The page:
Edward Leigh is a former Chairman of the Public Accounts Committee, and is MP for Gainsborough
These elections, local and European, are a wake-up call. Enough is enough. Isn’t it obvious that the whole “modernisation” agenda has been a disaster? Our base has been tested to destruction. All this self-hate about allegedly “nasty party” views has nearly destroyed the voluntary party, and left people wondering what we stand for. It’s also clear it’s time to end the coalition in order to start rebuilding our base.
Modernisation didn’t start after 2005, it started way back in 1990. In reality, it is creeping self-doubt about a simple Conservative message that has served us well for generations. Let’s go through the sorry list and see what we can do to reverse matters. They come in no particular order of importance but one by one have left our supporters bemused.
First, let’s make one thing clear: there is no mystery about Conservatives’ traditional path to Government. It is through respect, not popularity. Our victories in the 1980s and in 1992 were based on the fact that people trusted us more than Labour to run the economy. I don’t think Margaret Thatcher or Ted Heath in 1970 were elected because people liked them more than their opponents. How significant it is that the modernisers themselves have now given up on the gimmicks to make us “liked”?
Have you noticed our strategy to win the election? It’s the economy – the long-term strategic plan. But not enough people are listening, because over the years they’ve been irritated by all the other guff. Too much talk of same-sex marriage, HS2, and wind farms. Too little on law and order, immigration, and tackling the court-based human rights regime.
So yes, concentrate on the economy. But keep it simple on that, too. We’re still devoting too much energy on a little tax relief here, or on beer and fuel there. People should understand that our aim is to simplify and reduce taxation. Every measure we take should aim towards flattening the tax system, getting rid of anomalies and perverse incentives. Ideally our aim should be a flat tax system, with a single rate – or, at most, two rates – of income tax and simple, low capital and business taxes.
- Grammar schools: why are we not letting them expand? Because that’s what local people want. But there is an even simpler way: give state school headteachers the same powers that independent school heads have: setting their own curriculum, hiring and firing teachers, selecting and de-selecting pupils. Such freedom would result in few super-selective state schools.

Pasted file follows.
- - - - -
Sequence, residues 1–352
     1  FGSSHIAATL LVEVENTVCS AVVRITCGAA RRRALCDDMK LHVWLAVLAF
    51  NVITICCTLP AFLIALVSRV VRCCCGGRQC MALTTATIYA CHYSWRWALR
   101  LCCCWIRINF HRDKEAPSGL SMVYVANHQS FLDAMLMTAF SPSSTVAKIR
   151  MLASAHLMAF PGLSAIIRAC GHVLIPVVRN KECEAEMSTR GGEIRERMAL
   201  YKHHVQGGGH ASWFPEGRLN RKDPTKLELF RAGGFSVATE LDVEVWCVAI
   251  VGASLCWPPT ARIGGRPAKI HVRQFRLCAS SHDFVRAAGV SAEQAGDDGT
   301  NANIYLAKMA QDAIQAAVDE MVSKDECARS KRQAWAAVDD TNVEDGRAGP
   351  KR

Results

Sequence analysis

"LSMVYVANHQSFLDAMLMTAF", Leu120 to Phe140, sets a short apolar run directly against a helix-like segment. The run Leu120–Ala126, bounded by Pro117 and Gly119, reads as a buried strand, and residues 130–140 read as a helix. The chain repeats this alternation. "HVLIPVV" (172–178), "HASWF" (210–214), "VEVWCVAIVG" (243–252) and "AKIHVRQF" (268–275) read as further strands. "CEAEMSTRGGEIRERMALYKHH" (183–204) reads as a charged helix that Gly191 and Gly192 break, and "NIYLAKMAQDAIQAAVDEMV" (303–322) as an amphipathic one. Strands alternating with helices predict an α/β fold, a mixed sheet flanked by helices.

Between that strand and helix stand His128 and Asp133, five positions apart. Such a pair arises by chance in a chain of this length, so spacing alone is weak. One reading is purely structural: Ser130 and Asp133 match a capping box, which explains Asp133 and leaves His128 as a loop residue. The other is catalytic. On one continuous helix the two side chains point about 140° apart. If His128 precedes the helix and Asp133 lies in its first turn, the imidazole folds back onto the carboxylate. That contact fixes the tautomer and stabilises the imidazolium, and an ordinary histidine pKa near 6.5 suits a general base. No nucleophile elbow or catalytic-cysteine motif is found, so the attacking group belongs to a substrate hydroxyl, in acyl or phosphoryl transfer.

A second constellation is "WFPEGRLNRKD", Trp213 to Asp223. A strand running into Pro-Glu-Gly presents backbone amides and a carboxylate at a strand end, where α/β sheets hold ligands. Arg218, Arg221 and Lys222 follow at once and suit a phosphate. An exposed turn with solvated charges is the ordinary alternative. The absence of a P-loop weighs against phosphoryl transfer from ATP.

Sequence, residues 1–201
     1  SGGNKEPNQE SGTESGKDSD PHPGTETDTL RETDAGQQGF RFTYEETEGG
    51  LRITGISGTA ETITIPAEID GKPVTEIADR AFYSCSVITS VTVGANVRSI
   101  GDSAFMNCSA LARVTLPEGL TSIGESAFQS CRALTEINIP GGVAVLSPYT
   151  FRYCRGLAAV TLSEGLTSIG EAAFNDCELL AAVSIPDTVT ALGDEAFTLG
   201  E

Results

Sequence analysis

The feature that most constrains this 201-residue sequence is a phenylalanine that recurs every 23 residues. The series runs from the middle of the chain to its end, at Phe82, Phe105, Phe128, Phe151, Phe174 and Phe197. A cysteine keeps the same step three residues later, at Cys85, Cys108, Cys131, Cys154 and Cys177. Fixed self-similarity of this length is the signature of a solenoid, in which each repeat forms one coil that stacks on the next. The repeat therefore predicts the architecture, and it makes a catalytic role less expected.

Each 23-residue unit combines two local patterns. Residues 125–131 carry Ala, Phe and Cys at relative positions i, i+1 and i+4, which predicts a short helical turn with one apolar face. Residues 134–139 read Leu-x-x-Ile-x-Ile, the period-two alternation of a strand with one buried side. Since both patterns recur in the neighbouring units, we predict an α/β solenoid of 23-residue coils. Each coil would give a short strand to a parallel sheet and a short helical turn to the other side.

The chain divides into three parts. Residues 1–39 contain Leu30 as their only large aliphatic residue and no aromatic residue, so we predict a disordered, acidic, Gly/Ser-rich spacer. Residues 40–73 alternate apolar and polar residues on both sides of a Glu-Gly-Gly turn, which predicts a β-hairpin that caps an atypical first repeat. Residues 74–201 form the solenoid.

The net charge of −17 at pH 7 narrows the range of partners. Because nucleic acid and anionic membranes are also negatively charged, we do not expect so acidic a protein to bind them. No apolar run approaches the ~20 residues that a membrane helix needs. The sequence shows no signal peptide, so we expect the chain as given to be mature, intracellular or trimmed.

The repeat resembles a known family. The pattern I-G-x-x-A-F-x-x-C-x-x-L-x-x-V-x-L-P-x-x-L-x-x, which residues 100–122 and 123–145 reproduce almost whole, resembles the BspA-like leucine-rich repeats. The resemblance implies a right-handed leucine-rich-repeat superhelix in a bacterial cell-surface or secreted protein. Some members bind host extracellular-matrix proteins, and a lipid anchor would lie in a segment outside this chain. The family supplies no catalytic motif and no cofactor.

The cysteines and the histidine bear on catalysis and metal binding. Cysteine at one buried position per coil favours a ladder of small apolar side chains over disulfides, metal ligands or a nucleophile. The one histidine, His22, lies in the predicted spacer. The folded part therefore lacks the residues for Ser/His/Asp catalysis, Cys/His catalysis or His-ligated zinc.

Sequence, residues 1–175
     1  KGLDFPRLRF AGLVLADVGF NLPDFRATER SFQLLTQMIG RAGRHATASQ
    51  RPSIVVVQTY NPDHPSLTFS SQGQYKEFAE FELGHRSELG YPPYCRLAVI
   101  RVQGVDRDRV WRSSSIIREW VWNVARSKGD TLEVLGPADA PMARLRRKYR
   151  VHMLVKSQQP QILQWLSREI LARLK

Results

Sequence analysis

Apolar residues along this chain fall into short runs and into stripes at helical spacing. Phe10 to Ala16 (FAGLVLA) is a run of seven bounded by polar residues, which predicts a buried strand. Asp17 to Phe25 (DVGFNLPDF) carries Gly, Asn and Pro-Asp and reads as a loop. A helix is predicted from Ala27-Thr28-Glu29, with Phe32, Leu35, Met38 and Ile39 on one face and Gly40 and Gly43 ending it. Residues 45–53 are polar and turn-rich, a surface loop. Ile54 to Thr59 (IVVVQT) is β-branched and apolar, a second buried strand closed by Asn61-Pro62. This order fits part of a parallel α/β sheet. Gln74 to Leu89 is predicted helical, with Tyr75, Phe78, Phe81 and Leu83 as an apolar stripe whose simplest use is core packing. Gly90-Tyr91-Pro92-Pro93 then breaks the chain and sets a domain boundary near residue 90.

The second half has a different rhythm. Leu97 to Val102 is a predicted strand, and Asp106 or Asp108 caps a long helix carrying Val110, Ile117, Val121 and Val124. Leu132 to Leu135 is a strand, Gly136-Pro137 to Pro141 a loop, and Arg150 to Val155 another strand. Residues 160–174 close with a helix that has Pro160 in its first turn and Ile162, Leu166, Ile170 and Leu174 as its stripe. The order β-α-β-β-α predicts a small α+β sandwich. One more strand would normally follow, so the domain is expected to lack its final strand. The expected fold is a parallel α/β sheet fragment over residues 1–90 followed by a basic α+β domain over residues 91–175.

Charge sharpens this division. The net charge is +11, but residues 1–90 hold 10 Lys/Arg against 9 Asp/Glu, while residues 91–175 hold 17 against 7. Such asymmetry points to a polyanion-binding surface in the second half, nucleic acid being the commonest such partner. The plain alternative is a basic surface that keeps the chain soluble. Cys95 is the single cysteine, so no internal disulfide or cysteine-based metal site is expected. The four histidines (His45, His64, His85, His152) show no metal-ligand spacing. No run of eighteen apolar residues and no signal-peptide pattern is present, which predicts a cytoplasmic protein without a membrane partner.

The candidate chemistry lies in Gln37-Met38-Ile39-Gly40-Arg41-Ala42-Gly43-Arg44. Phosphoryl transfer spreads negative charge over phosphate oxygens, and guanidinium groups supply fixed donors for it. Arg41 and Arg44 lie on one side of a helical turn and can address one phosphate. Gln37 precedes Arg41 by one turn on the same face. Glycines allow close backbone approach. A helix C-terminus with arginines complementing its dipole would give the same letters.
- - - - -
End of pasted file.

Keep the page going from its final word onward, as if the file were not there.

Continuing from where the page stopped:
- Education vouchers: why should parents pay twice if they opt to take their children out of state schooling? Give them back the average cost of state education. And if you’re concerned about the dead weight cost, start with reception year by year.
- Railways: scrap the absurdly wasteful HS2, a project designed by Labour to carve a destructive path through Conservative constituencies. Plough the money back into commuter and rural lines which are a nightmare of delays, underinvestment, and slowness.
- Health: stop worshiping the NHS. It is the last bastion of centralised socialist planning: you pay in all your life, and have no rights. The French spend only one per cent more of GDP on health, and have a much better system. And, as the French do, means-test incidental costs. Bring in social insurance, charge for those incidental costs and for GP visits. Labour has nightmares of libertarian free-for-alls but, with small contributions from patients, both Sweden and Germany deliver far better results with vastly lower investment from taxpayers’ pounds.
- Defence: reverse the decline, meet our NATO obligations to spend 3 per cent of GDP on defence, allow the Navy and its remnant of nineteen important warships to join in the products of returning growth. Accept that reserves cannot take the slack and stop the most unpopular battalion destructions and amalgamations.
- International Aid: scrap the economically illiterate commitment to 0.7 per cent of GDP. You should spend on aid what you need to spend, what you want to spend, and what you can afford to spend – as in every other department. Spending money on aid makes sense if it relieves poverty and extends influence. Explain it in these terms, not by arbitrary numbers that infuriate our own natural supporters.